The media and entertainment sector also had its share of consolidations with the finalisation of Zee Entertainment’s merger with rival Culver Max Entertainment (earlier Sony Pictures Network India).
Similarly, India’s leading multiplex operator PVR announced a merger with rival Inox Leisure, creating an entity operating nearly 1,500 screens across the country.
One of the major developments of the year in news broadcasting industry was the takeover of NDTV by the Adani Group. It started after the Adani Group acquired a 29.18 per cent stake in NDTV by buying a company backed by the television network’s founders, Prannoy Roy and his wife Radhika Roy. Thereafter, it made an open offer to acquire an additional 26 per cent from public shareholders.
After the Adani Group acquired a further 8.26 per cent stake, taking its total interest to 37.44 per cent in NDTV — higher than the 32.26 per cent held by the founders, the latter decided to sell 27.26 per cent of their holding.
The sale will happen on or after December 30 in one or more tranches. After this acquisition, Adani Group will control 69.71 per cent of NDTV.
The year also witnessed the exit of media baron Subhash Chandra-led promoter family’s nominee Jawahar Goel from the driving seat of Dish TV after shareholders of the DTH operator, led by Yes Bank, rejected a proposal to reappoint him as Managing Director.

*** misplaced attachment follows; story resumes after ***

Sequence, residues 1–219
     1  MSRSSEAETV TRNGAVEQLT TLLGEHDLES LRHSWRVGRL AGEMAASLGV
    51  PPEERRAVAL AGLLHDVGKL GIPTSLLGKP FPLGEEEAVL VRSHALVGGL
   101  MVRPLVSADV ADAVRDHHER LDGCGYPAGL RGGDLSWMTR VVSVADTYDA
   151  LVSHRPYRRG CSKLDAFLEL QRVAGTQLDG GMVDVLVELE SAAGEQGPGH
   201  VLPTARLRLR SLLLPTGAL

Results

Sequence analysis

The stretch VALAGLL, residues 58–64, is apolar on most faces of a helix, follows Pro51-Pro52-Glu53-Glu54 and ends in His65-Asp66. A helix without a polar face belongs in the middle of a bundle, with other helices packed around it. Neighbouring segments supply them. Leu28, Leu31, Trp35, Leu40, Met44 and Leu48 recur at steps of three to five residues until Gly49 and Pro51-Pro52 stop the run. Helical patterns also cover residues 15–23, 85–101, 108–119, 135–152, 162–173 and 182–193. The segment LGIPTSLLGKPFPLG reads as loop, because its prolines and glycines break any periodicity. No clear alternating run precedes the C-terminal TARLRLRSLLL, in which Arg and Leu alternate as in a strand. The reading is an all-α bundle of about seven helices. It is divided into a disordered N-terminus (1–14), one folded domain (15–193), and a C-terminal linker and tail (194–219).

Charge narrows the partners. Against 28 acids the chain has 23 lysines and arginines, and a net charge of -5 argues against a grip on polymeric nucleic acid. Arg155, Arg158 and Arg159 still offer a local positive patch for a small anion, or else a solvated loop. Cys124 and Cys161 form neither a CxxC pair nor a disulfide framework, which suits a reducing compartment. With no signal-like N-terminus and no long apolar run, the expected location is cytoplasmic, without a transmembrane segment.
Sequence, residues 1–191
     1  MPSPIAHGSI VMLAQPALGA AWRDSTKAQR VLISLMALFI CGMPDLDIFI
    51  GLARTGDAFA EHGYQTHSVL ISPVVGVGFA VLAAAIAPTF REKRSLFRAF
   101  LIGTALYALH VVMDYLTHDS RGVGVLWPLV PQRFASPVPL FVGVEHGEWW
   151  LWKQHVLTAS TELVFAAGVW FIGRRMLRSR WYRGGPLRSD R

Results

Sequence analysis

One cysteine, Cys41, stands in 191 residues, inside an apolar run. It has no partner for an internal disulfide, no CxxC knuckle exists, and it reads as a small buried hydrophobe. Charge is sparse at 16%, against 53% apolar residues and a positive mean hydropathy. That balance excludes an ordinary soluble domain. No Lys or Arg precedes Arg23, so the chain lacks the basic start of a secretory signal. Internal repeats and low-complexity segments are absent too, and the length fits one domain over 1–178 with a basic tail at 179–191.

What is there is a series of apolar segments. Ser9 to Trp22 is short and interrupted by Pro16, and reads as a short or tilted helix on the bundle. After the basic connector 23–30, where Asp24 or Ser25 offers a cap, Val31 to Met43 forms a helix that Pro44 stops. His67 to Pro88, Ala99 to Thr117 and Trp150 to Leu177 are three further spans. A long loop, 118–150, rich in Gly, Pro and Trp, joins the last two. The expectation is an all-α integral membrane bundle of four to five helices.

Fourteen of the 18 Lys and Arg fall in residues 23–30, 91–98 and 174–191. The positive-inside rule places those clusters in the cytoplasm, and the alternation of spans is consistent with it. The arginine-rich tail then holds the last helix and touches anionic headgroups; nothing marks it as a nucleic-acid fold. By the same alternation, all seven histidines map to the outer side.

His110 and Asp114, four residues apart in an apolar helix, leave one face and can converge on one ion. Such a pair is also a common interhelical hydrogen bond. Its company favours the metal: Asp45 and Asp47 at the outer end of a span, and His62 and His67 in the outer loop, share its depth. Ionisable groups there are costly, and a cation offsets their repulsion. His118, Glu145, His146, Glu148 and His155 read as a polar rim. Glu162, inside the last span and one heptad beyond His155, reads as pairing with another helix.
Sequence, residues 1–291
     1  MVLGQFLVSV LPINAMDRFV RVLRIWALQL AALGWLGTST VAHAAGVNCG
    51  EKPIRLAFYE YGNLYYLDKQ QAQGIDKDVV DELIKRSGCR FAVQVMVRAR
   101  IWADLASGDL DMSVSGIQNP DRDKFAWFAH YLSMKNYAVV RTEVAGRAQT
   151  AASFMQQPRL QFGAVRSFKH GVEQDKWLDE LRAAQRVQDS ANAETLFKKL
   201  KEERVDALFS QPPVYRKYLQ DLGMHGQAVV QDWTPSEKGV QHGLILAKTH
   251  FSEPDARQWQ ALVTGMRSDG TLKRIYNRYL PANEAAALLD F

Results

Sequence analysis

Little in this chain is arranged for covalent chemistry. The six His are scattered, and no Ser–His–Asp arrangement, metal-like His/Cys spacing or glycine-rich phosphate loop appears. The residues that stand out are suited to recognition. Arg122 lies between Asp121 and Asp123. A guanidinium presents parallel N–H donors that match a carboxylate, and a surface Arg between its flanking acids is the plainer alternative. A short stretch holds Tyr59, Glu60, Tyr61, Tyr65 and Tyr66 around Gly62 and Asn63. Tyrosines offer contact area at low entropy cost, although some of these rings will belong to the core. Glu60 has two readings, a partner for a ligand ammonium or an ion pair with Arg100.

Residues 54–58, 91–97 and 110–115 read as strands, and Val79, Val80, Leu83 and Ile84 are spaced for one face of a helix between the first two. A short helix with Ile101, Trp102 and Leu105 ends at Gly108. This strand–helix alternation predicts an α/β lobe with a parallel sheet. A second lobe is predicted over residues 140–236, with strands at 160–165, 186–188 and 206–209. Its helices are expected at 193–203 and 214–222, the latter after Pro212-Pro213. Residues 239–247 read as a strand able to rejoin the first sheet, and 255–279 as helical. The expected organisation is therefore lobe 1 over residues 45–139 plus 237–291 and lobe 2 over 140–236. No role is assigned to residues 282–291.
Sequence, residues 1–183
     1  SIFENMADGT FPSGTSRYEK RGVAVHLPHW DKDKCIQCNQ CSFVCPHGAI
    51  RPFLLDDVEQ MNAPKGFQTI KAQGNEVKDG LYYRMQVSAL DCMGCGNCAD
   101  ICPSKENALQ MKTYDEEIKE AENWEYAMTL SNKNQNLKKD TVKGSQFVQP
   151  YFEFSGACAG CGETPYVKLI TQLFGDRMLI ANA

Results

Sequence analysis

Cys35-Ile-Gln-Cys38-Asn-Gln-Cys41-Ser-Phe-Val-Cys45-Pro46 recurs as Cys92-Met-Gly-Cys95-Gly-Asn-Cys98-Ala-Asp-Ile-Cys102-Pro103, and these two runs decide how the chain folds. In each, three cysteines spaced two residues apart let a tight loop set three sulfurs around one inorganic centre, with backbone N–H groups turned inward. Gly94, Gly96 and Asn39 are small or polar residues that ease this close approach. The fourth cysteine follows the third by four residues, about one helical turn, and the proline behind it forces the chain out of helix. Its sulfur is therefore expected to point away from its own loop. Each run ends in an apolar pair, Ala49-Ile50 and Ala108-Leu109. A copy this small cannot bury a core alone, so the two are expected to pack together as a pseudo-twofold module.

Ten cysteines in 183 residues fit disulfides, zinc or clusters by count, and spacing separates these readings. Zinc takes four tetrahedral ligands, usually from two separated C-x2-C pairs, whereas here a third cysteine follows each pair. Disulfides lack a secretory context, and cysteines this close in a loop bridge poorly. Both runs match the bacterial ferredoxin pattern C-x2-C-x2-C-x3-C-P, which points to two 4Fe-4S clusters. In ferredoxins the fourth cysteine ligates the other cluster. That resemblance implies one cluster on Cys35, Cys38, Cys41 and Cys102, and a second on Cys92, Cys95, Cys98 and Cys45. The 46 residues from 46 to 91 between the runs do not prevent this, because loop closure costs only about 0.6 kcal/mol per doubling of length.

Another corporate leader who hit a low was Videocon Group founder Venugopal Dhoot, who was arrested by the CBI in connection with the ICICI Bank loan fraud case following the arrests of former CEO and MD of the lender Chanda Kochhar and her husband Deepak Kochhar.
As for the corporate fight of the year, it went to the Kirloskar siblings — with Kirloskar Brothers Ltd (KBL) Chairman and Managing Director Sanjay Kirloskar on one side and Kirloskar Pneumatic Co Ltd Executive Chairman Rahul Kirloskar and Kirloskar Oil Engines Ltd Executive Chairman Atul Kirloskar on the other.
They have been in a feud since 2016 over the deed of family settlement for the assets of the more than 130-year-old Kirloskar group.
It escalated after Rahul and Atul had raised questions over corporate governance of KBL after being cleared of insider trading charges by the Securities Appellate Tribunal (SAT). They were accused of insider trading when they sold shares of KBL to KIL back in 2010.
Shareholders of KBL rejected a resolution for forensic audit of the affairs of the company by an external agency, which was demanded by Kirloskar Industries Ltd (KIL) along with Atul and Rahul.